now that might not, as you point out, mean permanent help, but you have to at least have contractors and private industry in place to handle the occasional spikes in demand. just like in the software business, you can’t simply throw up your hands during anomalous events – you need to find a way to add additional capacity, at a price point you can afford. and i think Denver can afford it.

    interesting little tidbit from this piece, incidentally, regarding the predictability you mention: “Fifteen years ago, computer weather models occasionally predicted major storms that never materialized, but that’s rare now, Henson said.”

    we’ll see if they’re right 😉

    Bill: amen. i can see impassable roads for a day or two or even three. but a week later, the roads should be clear. it’s ridiculous.

  6. Well, first of all you’re wishing you had read my comment before you headed for the hills expecting snow. 😉 With an upslope storm like this one, Conifer and Bailey and so on get absolutely dumped on, but that’s about as high as it goes (usually). (Historically, you could always tell the new people in town because they would head for the hills when Denver gets dumped on, not realizing that Denver got dumped on because the storm missed the hills completely.)

    As for the accuracy of the computer models, I would refer you to this snippet from the most recent Denver forecast discussion:


    The GFS is the Global Forecast System model; the NAM-WRF is the North American Mesoscale Weather Research and Forecasting model, and this particular forecaster is trying to figure out the magnitude of the coming storm. If you read the discussions for Denver (especially with a big storm on the way), you’ll read about NOAA wrestling with the two (or more) models, and trying to reconcile them when they disagree (which they do, with some frequency). Which is not to say that the models haven’t improved (they obviously have) or that the computing power hasn’t increased (which it clearly has), but rather that weather is extraordinarily dynamic — and Denver’s weather especially so. So I would wager that one of the changes over the last fifteen years is a much better understanding of how to use the models, and how to make a forecast (or, more importantly, issue a watch or warning) in light of conflicting models. Finally, as for the melting of three or four feet: you’d be surprised how quickly things melt on a 60 degree day, which is not altogether uncommon in Denver in January. (The average high in January is in the high forties.) This is not to forgive the deplorable behavior of the city in this storm — only to try to give a more complete context for the handling of the storm, and to explain why this issue will likely never be satisfactorily solved. (Unless, of course, due to global climatic change or otherwise, these massive upslope storms increase in frequency — which given their origins in the warm wet air of the Gulf, I imagine is completely possible…)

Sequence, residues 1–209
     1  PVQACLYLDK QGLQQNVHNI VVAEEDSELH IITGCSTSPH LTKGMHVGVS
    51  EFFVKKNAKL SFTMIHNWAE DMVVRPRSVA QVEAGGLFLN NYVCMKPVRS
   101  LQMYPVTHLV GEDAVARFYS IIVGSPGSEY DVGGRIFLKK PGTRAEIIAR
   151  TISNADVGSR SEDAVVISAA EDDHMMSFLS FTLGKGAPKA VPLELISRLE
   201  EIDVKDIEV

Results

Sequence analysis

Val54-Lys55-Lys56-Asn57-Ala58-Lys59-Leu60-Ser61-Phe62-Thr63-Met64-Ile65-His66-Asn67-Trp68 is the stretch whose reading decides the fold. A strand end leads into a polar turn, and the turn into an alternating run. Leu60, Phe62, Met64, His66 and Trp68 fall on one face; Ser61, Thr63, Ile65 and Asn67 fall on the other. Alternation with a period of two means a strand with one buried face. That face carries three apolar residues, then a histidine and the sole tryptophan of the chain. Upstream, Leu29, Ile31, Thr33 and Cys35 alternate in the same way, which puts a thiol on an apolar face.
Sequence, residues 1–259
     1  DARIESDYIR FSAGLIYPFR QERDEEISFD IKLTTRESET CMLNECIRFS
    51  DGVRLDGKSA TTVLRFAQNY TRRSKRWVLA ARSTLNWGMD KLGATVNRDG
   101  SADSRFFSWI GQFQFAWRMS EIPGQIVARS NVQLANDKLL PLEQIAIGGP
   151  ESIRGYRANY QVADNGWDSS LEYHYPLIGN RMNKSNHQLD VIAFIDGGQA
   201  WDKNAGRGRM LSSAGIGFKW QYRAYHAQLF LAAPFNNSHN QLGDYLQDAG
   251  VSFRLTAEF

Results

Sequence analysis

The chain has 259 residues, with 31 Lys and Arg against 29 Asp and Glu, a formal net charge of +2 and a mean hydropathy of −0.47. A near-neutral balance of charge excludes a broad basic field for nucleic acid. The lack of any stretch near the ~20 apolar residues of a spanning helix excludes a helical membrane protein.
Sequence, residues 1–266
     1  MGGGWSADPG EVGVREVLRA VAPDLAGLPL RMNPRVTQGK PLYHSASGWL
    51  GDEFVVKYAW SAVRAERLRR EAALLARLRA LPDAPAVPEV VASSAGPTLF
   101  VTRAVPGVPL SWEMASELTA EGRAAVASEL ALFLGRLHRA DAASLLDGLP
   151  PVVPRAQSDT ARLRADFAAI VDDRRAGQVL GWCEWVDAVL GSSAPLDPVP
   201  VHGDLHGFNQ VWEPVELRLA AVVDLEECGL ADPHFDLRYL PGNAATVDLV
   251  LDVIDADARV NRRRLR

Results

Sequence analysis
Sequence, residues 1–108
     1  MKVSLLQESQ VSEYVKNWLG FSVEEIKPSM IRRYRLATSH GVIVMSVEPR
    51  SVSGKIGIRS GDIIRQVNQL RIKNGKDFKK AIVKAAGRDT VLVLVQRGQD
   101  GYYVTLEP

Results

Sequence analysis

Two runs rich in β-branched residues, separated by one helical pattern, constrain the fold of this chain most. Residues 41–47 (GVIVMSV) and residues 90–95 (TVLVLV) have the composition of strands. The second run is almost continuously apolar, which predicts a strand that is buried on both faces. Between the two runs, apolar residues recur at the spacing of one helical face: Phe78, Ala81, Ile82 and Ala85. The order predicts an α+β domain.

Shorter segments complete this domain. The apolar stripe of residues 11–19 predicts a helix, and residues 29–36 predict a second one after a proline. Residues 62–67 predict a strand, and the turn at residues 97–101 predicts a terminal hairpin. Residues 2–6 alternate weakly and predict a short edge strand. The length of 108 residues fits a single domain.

7. Bryan: reading the comment before i headed up to Keystone would indeed have saved me some time 😉 but on the modeling front, interesting; i hadn’t known the specifics beyond what was covered in the papers. and as you seem to have guessed, i was not actually trying to imply that the models were infallible or even overly accurate – merely improved. as Gleick documents in Chaos, weather is an intrinsically dynamic phenomenon, and meterologists have long been resigned to the reality that their predictions will likely always be imperfect.